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Where Taxpayers and Advisers Meet

Search found 226 matches

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by DavidTreitel
Mon Jun 02, 2014 9:04 pm
Forum: International Tax
Topic: US Mutual Funds-- Transition to Arising Basis
Replies: 1
Views: 621

Re: US Mutual Funds-- Transition to Arising Basis

Forget tax; what do you actually want to do with the money - this will drive your tax choices. What is your existing tax adviser's view, incidentally?
by DavidTreitel
Wed Apr 09, 2014 9:01 pm
Forum: International Tax
Topic: US Tax compliance requirements
Replies: 1
Views: 605

Re: US Tax compliance requirements

A US citizen is always required to file annual US income tax and informational returns unless citizenship has been relinquished or renounced. The client will be able to choose how to come into compliance which may involve 3, 5, 6 or 10 years of tax returns depending on circumstances and attitude to ...
by DavidTreitel
Sat Mar 01, 2014 3:55 pm
Forum: International Tax
Topic: Taxation of US IRA's in the UK
Replies: 4
Views: 2374

Re: Taxation of US IRA's in the UK

The first question is whether you have elected into the treaty. If you have not then you simply sold some investments to release some cash. The next question is whether this is taxable if you have elected into the treaty. If it is an LSD it is taxable under the treaty in the US; if it is not it is t...
by DavidTreitel
Tue Jan 28, 2014 9:07 pm
Forum: International Tax
Topic: Income from royalties already taxed in the US...
Replies: 1
Views: 755

Re: Income from royalties already taxed in the US...

The withholding tax in the United States is just tax; it is fully refundable. As a consequence you will need an ITIN and to file a US tax return to reclaim the US tax withheld. The UK will not give credit for a refundable tax. Incidentally we are a Certifying Acceptance Agent authorised by the IRS t...
by DavidTreitel
Tue Dec 17, 2013 10:20 pm
Forum: International Tax
Topic: US Holiday Home
Replies: 1
Views: 568

Re: US Holiday Home

From a UK perspective holding in your own names makes sense (2 CGT exemptions on sale; 10% wear & tear relief for rental income and so on). From a US lifetime income tax perspective this is simpler & easier. You may though be hit for estate taxes on the first of you to die because there is no unlimi...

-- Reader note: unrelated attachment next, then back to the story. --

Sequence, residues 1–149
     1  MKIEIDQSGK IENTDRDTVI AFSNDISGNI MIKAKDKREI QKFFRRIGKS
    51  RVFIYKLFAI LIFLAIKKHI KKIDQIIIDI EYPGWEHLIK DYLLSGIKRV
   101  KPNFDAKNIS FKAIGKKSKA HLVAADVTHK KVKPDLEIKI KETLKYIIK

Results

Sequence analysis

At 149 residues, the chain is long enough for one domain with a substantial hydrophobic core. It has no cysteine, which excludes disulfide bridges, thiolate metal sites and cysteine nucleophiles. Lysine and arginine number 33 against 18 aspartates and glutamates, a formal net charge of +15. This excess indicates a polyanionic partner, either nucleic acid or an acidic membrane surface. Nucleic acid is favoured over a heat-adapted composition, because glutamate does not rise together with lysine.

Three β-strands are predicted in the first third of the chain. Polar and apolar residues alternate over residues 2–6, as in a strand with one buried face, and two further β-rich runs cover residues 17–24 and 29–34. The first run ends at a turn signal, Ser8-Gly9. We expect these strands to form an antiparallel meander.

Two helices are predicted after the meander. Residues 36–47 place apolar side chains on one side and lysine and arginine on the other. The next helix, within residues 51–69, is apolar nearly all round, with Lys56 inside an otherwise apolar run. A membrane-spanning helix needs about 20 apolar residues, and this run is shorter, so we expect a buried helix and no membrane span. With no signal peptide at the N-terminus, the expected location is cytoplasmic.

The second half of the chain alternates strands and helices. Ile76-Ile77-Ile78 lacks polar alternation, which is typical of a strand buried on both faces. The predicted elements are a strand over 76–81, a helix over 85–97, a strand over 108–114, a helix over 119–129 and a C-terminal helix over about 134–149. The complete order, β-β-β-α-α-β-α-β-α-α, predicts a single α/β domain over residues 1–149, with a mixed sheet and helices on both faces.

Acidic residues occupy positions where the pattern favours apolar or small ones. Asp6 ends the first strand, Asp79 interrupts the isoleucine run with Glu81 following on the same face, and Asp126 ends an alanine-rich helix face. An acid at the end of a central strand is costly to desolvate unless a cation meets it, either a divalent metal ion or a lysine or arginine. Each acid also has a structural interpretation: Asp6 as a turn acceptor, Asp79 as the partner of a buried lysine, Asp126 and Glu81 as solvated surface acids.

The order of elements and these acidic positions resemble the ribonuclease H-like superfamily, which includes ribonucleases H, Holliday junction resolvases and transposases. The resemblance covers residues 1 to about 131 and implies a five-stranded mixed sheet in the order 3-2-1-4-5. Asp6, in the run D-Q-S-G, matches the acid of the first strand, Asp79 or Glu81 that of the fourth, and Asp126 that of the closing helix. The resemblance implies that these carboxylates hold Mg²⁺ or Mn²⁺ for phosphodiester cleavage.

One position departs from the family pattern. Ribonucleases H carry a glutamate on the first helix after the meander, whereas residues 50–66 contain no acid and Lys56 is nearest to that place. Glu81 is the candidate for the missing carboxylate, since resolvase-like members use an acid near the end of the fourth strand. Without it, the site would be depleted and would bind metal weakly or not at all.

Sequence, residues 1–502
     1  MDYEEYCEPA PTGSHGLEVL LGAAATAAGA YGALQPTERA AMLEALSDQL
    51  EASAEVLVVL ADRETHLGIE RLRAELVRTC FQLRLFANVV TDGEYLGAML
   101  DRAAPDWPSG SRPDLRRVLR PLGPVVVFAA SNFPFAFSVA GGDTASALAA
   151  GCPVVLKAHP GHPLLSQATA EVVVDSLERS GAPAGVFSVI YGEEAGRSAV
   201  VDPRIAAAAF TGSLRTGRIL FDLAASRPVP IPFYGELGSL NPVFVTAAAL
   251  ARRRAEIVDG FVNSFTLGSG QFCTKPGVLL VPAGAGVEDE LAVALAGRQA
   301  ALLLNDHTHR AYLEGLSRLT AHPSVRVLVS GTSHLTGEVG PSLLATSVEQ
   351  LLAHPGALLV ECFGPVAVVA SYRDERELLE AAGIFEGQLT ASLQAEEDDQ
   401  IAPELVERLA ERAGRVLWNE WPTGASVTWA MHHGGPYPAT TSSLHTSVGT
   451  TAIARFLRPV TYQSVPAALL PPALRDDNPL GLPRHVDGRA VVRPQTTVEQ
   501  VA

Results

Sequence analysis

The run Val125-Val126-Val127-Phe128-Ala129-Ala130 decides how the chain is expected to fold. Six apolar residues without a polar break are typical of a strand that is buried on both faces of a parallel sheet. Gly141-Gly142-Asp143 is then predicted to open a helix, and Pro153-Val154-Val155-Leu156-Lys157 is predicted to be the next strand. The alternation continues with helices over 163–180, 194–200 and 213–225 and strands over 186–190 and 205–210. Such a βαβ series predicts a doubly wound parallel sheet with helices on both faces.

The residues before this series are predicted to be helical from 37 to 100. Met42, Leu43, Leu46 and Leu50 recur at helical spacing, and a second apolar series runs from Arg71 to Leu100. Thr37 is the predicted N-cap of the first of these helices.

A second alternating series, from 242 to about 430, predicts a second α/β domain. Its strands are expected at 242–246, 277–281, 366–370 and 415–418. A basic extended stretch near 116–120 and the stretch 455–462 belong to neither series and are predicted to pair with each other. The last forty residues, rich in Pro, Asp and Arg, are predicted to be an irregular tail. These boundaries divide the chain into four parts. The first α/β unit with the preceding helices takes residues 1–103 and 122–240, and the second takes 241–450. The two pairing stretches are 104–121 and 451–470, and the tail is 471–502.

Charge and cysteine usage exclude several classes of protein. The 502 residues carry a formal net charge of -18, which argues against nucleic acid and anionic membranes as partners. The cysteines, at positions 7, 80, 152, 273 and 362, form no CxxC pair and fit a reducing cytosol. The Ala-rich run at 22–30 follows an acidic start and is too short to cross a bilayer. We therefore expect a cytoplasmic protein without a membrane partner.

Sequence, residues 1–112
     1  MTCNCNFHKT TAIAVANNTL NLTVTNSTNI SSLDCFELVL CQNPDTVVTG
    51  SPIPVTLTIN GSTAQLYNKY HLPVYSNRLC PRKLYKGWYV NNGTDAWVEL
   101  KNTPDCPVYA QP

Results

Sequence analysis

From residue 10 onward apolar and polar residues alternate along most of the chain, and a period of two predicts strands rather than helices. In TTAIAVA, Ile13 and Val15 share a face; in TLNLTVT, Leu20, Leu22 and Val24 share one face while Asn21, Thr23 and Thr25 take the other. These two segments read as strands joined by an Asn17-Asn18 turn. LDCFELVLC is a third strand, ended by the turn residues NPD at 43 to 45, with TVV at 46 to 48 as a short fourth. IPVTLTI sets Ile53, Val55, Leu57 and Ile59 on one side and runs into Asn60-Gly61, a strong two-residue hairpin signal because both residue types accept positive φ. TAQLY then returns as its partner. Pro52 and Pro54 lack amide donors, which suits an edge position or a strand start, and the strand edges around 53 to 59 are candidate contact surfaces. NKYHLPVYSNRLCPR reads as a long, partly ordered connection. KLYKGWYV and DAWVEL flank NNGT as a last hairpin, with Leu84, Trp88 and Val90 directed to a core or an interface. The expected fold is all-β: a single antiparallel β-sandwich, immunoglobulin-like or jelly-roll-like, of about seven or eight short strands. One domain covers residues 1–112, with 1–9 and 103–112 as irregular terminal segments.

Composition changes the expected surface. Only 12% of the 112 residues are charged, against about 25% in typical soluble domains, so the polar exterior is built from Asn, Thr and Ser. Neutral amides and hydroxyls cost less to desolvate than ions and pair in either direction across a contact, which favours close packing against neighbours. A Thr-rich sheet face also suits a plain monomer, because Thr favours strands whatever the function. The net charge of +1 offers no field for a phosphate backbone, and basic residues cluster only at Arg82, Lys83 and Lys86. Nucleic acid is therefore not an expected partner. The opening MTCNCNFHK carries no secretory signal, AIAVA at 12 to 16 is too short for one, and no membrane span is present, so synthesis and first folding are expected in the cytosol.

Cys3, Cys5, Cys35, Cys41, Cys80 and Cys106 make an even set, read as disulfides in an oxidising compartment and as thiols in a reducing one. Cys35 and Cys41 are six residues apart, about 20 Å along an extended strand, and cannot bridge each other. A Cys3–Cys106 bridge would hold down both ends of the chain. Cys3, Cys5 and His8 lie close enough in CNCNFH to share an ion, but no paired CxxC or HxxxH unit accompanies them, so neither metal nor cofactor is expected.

by DavidTreitel
Wed Dec 04, 2013 11:46 pm
Forum: International Tax
Topic: ETF capital gain/dividend taxation
Replies: 3
Views: 1184

Re: ETF capital gain/dividend taxation

Unless the ETF has obtained UK reporting status any gains are taxed by the UK as offshore income gains. Losses cannot be offset. It is unclear if you are electing the remittance basis from your question. David Treitel | Managing Director | American Tax Returns Ltd Enrolled Agent to the United States...
by DavidTreitel
Mon Oct 14, 2013 8:12 pm
Forum: Income Tax
Topic: UK tax on foreign employment income
Replies: 17
Views: 4938

Re: UK tax on foreign employment income

You still need to file a US income tax return for 2012. This is mandatory and will tell you how much foreign tax you might claim on a UK return.
by DavidTreitel
Sat Jun 15, 2013 12:08 am
Forum: International Tax
Topic: Working in UK -> emigrate to US
Replies: 1
Views: 597

Re: Working in UK -> emigrate to US

This is not simple. The US will tax you on worldwide income and gains once US resident. You may want to structure your finances appropriately beforehand. You should also familiarise yourself with the US/UK tax treaty.
by DavidTreitel
Fri Jun 07, 2013 10:47 am
Forum: International Tax
Topic: SA106 Country Code and Foreign Funds
Replies: 1
Views: 587

Re: SA106 Country Code and Foreign Funds

If these are US funds the offshore income gain regime will come into play. Credit in the UK can be claimed for the 15% US tax due on the dividends (as 15% is the treaty rate), but no more.

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